Why oral care is important for mom and baby

The perfect smile affects confidence for adults and babies alike in a judgmental world

By  | Jun 22, 2020, 01:44 PM  | Top of The

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The perfect smile affects confidence for adults and babies alike in a judgmental world

Any woman who has been pregnant can attest to the fact that you can’t know everything - like just how much your mouth will go through when you are pregnant.

Luckily, Pretoria-based dentist, Dr Yolanda Gous, has some advice for both mom and her new baby.

In addition to the fact that what mom eats also affects her baby, pregnancy often makes some women’s teeth more sensitive to what they eat and drink. Dr. Gous cautions moms to watch their sugar and carbohydrate intake, as that may lead to tooth decay. She also adds a baby’s primary teeth begin forming at 6 weeks in the womb, and they later start mineralizing at 3 - 4 months of pregnancy. Moms should therefore consult their GP’s or gynaecologists with regards to the foods, supplements and nutrients they need.

Morning sickness and stomach acid can also affect a mom’s oral health. Dr Gous advises using bland-tasting toothpaste and rinsing with water or alcohol free mouthwash to avoid nausea.

New moms also know how complicated breast-feeding can be, especially as their babies get older. There are a lot of considerations to make; from the first feed right after your baby is born until the day you decide to stop breastfeeding all together.

One person who can attest to this is stylist and influencer, Tshepi Vundla, who recently became a new mom to a little boy she affectionately refers to as SLB. Her son with rapper and producer, JR Bogopa, recently turned 6-months- old and his little teeth have just started to show - which affects Tshepi’s feeding plan for him. 

This means she will also have to consider his dental health early on to ensure he grows up to have a smile as beautiful as his parents’ smiles.

oral care for mom and baby

Breastfeeding offers your baby more than just nutrition through breast milk.  It also allows your baby to exercise their oral muscles and provides increased blood flow to the jaw. This, in turn, aids the growth of the jaw and skull, which are the fastest growing part of baby’s body during the first 6 months of their life.

Another way Tshepi can help ensure SLB’s dental health, is by picking the right soothers and bottles for him. Research shows that 12% of adults still suck their thumbs and have carried this habit over from childhood.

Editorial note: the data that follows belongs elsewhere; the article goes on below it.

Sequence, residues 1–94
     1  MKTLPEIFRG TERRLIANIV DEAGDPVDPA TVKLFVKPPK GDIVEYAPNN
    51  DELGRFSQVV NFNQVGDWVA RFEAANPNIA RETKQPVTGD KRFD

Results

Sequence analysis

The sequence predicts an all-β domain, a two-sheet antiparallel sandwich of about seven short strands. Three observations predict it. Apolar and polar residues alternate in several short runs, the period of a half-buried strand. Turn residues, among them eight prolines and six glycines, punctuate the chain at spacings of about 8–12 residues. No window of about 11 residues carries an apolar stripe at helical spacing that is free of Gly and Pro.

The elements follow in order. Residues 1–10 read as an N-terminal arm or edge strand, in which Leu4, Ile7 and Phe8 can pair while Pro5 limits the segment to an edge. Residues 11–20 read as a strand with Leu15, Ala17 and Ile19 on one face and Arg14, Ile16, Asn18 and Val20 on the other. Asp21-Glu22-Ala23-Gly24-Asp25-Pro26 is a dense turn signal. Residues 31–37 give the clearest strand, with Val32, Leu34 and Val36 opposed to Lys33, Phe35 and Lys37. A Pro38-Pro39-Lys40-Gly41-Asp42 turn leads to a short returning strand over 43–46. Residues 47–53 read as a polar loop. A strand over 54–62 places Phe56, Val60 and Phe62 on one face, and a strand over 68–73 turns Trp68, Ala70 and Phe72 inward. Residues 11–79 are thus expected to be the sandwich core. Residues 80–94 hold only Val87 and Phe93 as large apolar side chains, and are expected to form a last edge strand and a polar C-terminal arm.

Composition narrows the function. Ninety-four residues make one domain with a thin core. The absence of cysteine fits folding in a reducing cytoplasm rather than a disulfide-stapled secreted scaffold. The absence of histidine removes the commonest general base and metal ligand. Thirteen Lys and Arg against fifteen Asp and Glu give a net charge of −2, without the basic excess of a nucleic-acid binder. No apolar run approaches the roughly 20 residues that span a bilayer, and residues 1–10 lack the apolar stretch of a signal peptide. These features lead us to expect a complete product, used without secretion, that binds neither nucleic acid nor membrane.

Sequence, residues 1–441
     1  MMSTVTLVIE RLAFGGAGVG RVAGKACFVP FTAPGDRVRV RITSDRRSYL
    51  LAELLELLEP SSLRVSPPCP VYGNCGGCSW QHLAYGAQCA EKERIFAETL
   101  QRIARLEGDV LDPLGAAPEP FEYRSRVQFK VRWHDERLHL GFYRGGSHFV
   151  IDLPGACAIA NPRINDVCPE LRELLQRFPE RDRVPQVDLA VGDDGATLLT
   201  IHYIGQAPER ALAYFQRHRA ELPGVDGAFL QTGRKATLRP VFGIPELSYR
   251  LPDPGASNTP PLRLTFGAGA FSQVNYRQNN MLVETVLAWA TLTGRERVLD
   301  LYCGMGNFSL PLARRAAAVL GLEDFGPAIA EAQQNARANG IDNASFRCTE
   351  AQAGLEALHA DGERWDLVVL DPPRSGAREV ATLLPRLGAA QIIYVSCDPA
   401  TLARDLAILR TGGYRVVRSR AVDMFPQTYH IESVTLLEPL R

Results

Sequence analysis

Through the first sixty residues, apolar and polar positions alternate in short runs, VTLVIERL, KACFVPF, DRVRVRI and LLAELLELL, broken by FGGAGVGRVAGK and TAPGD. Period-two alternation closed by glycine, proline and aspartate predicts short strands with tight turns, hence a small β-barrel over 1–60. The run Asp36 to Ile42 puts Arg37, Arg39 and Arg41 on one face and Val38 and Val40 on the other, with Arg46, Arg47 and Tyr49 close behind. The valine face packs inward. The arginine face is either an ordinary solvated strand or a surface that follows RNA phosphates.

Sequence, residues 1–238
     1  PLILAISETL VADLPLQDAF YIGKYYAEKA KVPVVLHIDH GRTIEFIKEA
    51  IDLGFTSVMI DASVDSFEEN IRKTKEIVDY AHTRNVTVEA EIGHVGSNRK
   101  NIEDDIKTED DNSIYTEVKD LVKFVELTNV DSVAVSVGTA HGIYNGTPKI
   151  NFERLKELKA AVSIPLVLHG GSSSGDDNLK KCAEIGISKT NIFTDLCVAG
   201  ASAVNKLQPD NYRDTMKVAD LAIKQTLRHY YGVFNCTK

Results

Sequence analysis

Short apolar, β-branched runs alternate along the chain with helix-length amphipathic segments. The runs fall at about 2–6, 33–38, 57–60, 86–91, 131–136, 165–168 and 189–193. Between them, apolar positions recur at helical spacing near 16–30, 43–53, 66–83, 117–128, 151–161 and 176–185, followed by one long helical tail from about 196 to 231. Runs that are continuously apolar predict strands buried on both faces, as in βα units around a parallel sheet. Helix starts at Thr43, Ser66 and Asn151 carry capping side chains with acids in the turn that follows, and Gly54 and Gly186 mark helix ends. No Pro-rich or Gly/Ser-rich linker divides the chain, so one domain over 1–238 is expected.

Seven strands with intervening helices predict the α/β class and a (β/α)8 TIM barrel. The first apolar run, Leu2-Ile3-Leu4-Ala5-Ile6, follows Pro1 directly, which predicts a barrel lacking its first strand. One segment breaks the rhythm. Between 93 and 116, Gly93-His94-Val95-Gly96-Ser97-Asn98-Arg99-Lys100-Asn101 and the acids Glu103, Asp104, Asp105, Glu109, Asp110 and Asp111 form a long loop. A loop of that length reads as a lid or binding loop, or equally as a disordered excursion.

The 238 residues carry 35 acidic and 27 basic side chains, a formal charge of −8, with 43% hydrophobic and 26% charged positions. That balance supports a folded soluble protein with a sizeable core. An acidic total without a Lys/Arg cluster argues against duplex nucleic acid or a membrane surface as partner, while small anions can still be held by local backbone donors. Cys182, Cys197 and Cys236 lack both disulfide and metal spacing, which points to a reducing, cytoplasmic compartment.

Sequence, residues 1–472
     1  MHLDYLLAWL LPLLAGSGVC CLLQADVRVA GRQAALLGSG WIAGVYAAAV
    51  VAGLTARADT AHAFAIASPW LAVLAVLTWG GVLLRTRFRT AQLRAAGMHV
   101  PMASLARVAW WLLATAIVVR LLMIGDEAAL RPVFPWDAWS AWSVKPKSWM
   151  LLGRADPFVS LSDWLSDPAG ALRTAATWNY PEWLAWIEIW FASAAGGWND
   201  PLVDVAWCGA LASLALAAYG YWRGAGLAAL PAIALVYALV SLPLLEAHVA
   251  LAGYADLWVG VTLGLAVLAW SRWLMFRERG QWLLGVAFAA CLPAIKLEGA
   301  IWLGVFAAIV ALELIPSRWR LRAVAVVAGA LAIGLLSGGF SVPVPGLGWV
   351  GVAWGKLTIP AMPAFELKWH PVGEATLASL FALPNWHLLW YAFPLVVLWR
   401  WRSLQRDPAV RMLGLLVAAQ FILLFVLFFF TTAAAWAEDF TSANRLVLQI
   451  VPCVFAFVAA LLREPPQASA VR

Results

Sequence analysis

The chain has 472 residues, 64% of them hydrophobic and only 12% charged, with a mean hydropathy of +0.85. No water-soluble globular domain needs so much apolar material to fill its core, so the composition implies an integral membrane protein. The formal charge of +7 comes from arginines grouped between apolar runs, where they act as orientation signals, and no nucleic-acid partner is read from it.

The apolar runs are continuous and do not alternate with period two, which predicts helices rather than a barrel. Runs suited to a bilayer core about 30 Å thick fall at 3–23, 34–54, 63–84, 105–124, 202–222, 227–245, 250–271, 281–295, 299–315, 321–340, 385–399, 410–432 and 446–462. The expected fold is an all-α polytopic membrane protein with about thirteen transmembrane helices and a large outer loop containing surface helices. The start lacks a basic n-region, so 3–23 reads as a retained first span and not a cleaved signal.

However, it is important to note that fingers, thumbs, bottles, and other objects used instead of soothers may cause deformations such as open bites, overbites, bruxism (clenching), mouth breathing, lip biting and more. Additionally, using the teat of a bottle as a dummy can cause tooth decay as the liquid in the bottle is often sweet. Even if it is just milk, milk often contains lactose (which is a form of sugar).


The breast is the first best possible option, but it is not always possible to breastfeed your baby as and when they need it – nor can you do it for a prolonged period of time. Luckily, there are alternatives, such as NUK’s range of soothers which were designed based on the shape of the breast to provide soothing that is still good for your baby.

Developed by orthodontists, NUK has been in this business for more than 60 years. They have always sought to correct the damage that may be caused by alternative soothing methods that are not designed by orthodontists to be orthodontically correct.

The brand also has a range of products that support moms in their breastfeeding journey such as nipple shields (which are very important in those first few months), bottles and pacifiers with specially shaped teats for baby at every stage of their growth

Moms (and the friends and family that wish to gift them with bottles) should also pay very close attention to bottles that claim to have slow, medium or fast flows as breasts do not have flow rates. Rather choose bottles with a teat that is designed for different types of liquids (breastmilk, formula, or thicker feeds). These ensure that baby still exercises the oral muscles as they would on the breast.

Main image credit: instagram.com/tshepivundla

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